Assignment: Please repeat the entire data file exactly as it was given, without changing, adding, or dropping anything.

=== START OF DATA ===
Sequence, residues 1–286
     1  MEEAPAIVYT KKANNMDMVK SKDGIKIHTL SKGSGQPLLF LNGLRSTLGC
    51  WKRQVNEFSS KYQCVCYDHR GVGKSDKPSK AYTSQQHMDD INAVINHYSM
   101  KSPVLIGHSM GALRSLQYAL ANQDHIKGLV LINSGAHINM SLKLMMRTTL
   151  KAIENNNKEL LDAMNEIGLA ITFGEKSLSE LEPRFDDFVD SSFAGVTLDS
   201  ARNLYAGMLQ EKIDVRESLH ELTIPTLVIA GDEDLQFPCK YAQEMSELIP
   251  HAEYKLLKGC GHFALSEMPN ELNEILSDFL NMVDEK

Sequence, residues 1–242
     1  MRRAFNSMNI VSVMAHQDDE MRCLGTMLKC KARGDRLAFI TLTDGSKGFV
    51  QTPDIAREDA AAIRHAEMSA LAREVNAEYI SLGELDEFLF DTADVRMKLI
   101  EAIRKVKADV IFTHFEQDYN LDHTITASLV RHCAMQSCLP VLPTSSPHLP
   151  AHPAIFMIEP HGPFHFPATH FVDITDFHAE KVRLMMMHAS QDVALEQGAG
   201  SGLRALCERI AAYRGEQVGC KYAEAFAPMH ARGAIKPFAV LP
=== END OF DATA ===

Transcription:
Sequence, residues 1–286
     1  MEEAPAIVYT KKANNMDMVK SKDGIKIHTL SKGSGQPLLF LNGLRSTLGC
    51  WKRQVNEFSS KYQCVCYDHR GVGKSDKPSK AYTSQQHMDD INAVINHYSM
   101  KSPVLIGHSM GALRSLQYAL ANQDHIKGLV LINSGAHINM SLKLMMRTTL
   151  KAIENNNKEL LDAMNEIGLA ITFGEKSLSE LEPRFDDFVD SSFAGVTLDS
   201  ARNLYAGMLQ EKIDVRESLH ELTIPTLVIA GDEDLQFPCK YAQEMSELIP
   251  HAEYKLLKGC GHFALSEMPN ELNEILSDFL NMVDEK

Sequence, residues 1–242
     1  MRRAFNSMNI VSVMAHQDDE MRCLGTMLKC KARGDRLAFI TLTDGSKGFV
    51  QTPDIAREDA AAIRHAEMSA LAREVNAEYI SLGELDEFLF DTADVRMKLI
   101  EAIRKVKADV IFTHFEQDYN LDHTITASLV RHCAMQSCLP VLPTSSPHLP
   151  AHPAIFMIEP HGPFHFPATH FVDITDFHAE KVRLMMMHAS QDVALEQGAG
   201  SGLRALCERI AAYRGEQVGC KYAEAFAPMH ARGAIKPFAV LP